WSNA members and staff stand with Governor Christine Gregoire at the Safe Patient Handling bill signing (2006)

Return to financial stability, growth and vibrant programs #

The begin­ning of the new millen­nium also ushered in a new begin­ning for WSNA with a return to finan­cial stability, steady growth in member­ship and vibrant, enhanced programs focusing on access to quality care, patient and nurse safety, improved working condi­tions, environ­mental health and safety, emergency prepared­ness, public health, nursing practice and contin­uing educa­tion. With sustained member­ship growth, WSNA is now the third largest state nurses associ­a­tion in the nation. The first eight years of this decade have seen extra­or­di­nary successes in legisla­tive and polit­ical action with a national record of eight regis­tered nurse legis­la­tors in key leader­ship positions in Olympia and legisla­tive victo­ries, including manda­tory overtime, safe patient handling, nurse staffing and comple­tion of full prescrip­tive authority for ARNPs. These victo­ries are excel­lent and clear examples of the compre­hen­sive approach taken by WSNA as a multi-purpose organi­za­tion — through legis­la­tion, regula­tion, nursing practice and collec­tive bargaining. WSNA’s intense focus on nursing practice means the protec­tion of the scope and standards of nursing practice and nurse licen­sure while assuring public safety. As another wave of nursing shortage begins to take shape, WSNA is the leader in meeting this challenge through the creation and funding of the Washington Center for Nursing along with devel­oping strate­gies to address the issues surrounding nursing recruit­ment and reten­tion. The nursing shortage along with the increasing complex health care needs of the popula­tion trans­lates to an extremely challenging workplace environ­ment for nurses and concerns for safe patient care. WSNA’s experi­ence and exper­tise in collec­tive bargaining has greatly enhanced nurse and patient safety through workplace protec­tions, increased benefits and more input into patient care decisions.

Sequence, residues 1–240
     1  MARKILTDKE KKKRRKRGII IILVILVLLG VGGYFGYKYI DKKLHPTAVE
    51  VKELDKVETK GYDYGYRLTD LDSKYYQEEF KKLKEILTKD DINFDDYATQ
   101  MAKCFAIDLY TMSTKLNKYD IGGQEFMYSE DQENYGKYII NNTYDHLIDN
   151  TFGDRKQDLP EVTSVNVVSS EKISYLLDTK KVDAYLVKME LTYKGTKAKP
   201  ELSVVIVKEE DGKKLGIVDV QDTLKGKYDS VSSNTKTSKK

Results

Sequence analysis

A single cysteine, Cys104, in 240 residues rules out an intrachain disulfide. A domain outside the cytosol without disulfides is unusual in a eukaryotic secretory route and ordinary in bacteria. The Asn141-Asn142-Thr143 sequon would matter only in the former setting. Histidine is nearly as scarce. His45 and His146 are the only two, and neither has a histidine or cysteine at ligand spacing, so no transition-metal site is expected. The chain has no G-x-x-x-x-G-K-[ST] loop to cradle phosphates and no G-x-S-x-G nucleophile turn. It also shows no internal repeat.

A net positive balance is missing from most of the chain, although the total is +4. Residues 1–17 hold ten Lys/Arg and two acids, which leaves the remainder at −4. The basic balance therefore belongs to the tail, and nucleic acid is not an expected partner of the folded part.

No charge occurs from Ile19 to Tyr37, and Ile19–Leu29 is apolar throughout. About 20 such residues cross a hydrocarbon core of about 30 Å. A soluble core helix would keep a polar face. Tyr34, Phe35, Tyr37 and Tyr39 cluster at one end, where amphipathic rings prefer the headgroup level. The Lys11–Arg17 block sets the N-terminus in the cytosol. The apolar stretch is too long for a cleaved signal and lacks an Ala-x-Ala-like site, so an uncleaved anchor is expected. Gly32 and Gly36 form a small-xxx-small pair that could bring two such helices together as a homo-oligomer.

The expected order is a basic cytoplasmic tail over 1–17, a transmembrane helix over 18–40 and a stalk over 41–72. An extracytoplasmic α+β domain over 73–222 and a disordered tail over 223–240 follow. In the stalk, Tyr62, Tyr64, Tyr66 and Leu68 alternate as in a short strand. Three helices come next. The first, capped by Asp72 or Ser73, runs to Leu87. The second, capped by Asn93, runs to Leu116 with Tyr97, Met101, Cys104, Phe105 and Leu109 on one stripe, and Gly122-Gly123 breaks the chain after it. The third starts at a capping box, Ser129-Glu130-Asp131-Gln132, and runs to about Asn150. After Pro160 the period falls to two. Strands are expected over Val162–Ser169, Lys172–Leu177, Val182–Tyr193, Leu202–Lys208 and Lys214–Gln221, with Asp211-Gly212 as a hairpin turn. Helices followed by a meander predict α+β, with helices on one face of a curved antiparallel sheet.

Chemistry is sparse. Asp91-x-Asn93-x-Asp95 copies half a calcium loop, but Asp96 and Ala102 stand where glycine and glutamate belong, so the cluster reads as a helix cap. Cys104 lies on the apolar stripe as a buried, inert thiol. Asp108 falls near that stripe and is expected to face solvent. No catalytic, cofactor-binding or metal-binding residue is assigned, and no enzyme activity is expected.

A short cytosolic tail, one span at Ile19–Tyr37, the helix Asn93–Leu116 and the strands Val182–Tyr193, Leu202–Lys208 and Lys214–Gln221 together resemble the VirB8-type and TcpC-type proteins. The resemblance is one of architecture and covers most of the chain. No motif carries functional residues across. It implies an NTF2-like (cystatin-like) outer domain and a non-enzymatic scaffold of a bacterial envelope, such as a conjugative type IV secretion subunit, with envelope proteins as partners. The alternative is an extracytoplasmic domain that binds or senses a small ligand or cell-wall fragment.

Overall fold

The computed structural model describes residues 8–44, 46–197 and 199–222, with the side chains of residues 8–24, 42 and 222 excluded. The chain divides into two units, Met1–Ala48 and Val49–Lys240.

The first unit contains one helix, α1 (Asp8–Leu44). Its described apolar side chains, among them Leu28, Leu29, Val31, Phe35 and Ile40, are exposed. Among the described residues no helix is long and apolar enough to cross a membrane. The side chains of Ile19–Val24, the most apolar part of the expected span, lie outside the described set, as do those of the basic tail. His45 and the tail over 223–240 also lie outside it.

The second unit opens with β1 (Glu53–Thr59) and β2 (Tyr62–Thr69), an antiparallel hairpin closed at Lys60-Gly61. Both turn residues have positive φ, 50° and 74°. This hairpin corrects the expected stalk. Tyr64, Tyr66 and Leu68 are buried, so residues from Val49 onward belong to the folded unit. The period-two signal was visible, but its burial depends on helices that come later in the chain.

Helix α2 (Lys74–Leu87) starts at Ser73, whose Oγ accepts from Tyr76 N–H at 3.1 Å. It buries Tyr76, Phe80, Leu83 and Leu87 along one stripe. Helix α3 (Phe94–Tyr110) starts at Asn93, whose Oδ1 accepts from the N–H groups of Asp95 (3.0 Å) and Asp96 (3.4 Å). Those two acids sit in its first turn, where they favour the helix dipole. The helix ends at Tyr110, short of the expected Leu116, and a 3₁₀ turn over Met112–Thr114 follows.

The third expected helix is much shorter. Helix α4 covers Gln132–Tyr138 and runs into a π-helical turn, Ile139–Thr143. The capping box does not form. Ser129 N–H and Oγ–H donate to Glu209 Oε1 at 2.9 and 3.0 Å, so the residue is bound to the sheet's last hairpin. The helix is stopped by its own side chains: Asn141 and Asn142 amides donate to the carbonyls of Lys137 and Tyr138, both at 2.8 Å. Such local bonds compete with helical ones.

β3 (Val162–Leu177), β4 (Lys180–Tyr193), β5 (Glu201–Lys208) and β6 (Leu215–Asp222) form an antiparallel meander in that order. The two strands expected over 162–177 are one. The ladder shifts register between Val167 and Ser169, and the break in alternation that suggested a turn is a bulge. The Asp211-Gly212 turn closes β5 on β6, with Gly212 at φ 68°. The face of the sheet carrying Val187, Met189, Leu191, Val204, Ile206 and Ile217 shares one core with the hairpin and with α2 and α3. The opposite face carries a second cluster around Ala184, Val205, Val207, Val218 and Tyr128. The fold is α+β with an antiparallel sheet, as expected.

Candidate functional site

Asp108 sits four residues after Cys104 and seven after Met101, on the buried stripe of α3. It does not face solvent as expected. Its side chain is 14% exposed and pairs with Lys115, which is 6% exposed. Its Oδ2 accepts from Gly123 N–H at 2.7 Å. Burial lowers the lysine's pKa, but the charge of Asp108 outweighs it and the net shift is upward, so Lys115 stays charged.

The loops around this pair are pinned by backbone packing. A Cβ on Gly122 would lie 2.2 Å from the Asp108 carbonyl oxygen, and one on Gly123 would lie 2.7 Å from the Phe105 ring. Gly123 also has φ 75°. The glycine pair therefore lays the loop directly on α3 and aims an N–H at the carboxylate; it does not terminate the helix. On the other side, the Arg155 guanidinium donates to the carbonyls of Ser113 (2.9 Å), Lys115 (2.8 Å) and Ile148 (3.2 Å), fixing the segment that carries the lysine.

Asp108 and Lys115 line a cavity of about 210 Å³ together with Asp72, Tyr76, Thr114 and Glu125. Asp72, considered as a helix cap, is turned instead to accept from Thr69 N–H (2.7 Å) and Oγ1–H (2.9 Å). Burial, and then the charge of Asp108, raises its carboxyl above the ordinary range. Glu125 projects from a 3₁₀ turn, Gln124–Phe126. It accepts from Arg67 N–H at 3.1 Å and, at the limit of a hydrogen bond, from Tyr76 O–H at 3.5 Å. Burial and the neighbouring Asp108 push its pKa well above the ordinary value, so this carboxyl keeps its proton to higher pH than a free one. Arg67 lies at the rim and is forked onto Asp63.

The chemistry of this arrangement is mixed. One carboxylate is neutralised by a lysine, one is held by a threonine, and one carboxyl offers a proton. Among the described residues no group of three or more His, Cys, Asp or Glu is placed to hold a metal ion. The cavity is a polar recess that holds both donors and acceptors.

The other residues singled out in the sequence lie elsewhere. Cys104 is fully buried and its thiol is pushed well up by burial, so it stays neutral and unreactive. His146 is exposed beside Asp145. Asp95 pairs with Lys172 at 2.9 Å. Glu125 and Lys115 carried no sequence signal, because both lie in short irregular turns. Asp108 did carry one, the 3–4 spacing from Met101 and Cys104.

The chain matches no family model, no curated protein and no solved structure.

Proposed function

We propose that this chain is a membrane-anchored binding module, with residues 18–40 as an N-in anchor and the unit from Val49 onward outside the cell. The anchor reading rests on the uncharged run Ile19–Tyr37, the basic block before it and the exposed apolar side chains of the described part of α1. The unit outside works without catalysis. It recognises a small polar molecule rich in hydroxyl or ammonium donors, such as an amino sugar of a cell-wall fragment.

2000 #

  • WSNA is successful in limiting scope of Nurse Delega­tion to commu­nity based settings, i.e. boarding homes, adult family homes and devel­op­men­tally disabled settings and not in hospi­tals and long-term care facilities.
  • WSNA becomes a founding member of the United American Nurses, creating the largest national union of regis­tered nurses; affil­i­ated with both the ANA and AFL-CIO.
  • The Needle­stick Safety and Preven­tion Act is passed by the Legislature.

2001 #

  • WSNA forms ARNP Coali­tion and success­fully lobbies for the comple­tion of prescrip­tive authority allowing ARNPs to prescribe Sched­ules II-IV medica­tions providing the ARNP has a joint practice agree­ment. This limita­tion was removed legisla­tively two years later.
  • WSNA wins organizing election at South­west Washington Medical Center and begins negoti­ating their first contract.
  • WSNA issues Position Papers on Nursing Shortage and Workforce Issues and on Contin­uing Competency.
  • Erosion of public health nursing and medical errors/​systems safety are added to associ­a­tion priorities.
  • Jan Bussert elected to ANA Board of Direc­tors and later becomes ANA Treasurer.

2002 #

  • WSNA launches a statewide media campaign on Nursing Recruit­ment and Retention.
  • WNLC issues Washington State Strategic Plan for Nursing” and urges creation of a Center for Nursing in Washington State.